Pipe Stream

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Picture by Nevit via Wikimedia Commons
Your hometown has hired some contractors – including you! – to manage its municipal pipe network. They built the network, at great expense, to supply Flubber to every home in town. Unfortunately, nobody has found a use for Flubber yet, but never mind. It was a Flubber network or a fire department, and honestly, houses burn down so rarely, a fire department hardly seems necessary.

In the possible event that somebody somewhere decides they want some Flubber, they would like to know how quickly it will flow through the pipes. Measuring its rate of flow is your job.

You have access to one of the pipes connected to the network. The pipe is $l$ meters long, and you can start the flow of Flubber through this pipe at a time of your choosing. You know that it flows with a constant real-valued speed, which is at least $v_1$ meters/second and at most $v_2$ meters/second. You want to estimate this speed with an absolute error of at most $\frac{t}{2}$ meters/second.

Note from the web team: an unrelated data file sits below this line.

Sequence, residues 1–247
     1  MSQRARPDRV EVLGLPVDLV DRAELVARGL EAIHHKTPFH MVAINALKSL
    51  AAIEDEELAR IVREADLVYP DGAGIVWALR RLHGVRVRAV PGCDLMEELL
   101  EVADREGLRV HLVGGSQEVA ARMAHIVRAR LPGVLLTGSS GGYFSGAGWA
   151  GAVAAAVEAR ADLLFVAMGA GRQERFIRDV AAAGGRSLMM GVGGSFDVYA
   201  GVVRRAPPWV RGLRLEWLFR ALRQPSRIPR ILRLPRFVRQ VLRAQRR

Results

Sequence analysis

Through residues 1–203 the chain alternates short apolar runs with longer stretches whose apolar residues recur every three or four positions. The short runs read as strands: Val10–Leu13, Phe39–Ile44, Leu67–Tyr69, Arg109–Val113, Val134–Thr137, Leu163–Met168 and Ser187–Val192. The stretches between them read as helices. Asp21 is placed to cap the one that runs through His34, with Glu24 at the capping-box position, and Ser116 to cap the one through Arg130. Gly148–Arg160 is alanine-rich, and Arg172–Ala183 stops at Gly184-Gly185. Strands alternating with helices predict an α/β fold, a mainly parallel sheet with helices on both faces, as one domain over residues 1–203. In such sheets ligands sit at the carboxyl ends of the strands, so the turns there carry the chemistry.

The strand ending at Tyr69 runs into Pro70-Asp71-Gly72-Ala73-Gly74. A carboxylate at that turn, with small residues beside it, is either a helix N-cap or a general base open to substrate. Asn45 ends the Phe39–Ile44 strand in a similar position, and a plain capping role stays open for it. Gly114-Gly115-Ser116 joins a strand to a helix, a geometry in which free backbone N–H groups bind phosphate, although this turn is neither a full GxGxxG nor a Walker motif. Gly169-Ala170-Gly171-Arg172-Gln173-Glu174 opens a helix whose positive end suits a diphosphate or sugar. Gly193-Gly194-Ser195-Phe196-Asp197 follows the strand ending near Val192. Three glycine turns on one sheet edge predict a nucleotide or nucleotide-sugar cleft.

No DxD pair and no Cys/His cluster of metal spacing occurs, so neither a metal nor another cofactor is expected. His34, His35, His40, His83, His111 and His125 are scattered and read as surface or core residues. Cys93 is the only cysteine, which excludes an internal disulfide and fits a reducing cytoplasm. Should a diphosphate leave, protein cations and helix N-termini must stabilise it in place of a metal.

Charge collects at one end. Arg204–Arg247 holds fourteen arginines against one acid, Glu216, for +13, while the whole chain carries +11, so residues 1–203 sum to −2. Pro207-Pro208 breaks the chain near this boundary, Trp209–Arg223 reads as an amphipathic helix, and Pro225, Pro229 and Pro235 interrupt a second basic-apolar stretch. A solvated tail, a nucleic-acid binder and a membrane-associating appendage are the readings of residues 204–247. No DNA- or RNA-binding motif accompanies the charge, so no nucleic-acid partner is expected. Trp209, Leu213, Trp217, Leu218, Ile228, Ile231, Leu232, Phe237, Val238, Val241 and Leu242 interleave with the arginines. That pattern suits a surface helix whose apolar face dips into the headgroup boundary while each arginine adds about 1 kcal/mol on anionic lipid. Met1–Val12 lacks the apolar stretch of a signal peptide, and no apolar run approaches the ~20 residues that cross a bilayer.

Unfortunately, the pipe is opaque, so the only thing you can do is to knock on the pipe at any point along its length, that is, in the closed real-valued range $[0,l]$. Listening to the sound of the knock will tell you whether or not the Flubber has reached that point. You are not infinitely fast. Your first knock must be at least $s$ seconds after starting the flow, and there must be at least $s$ seconds between knocks.

Determine a strategy that will require the fewest knocks, in the worst case, to estimate how fast the Flubber is flowing. Note that in some cases the desired estimation might be impossible (for example, if the Flubber reaches the end of the pipe too quickly).

Input

The input consists of multiple test cases. The first line of input contains an integer $c$ ($1 \leq c \leq 100$), the number of test cases. Each of the next $c$ lines describes one test case. Each test case contains the five integers $l$, $v_1$, $v_2$, $t$ and $s$ ($1 \leq l, v_1, v_2, t, s \leq 10^9$ and $v_1 < v_2$), which are described above.

Output

For each test case, display the minimal number of knocks required to estimate the flow speed in the worst case. If it might be impossible to measure the flow speed accurately enough, display impossible instead.

Sample Input 1 Sample Output 1
3
1000 1 30 1 1
60 2 10 2 5
59 2 10 2 5
5
3
impossible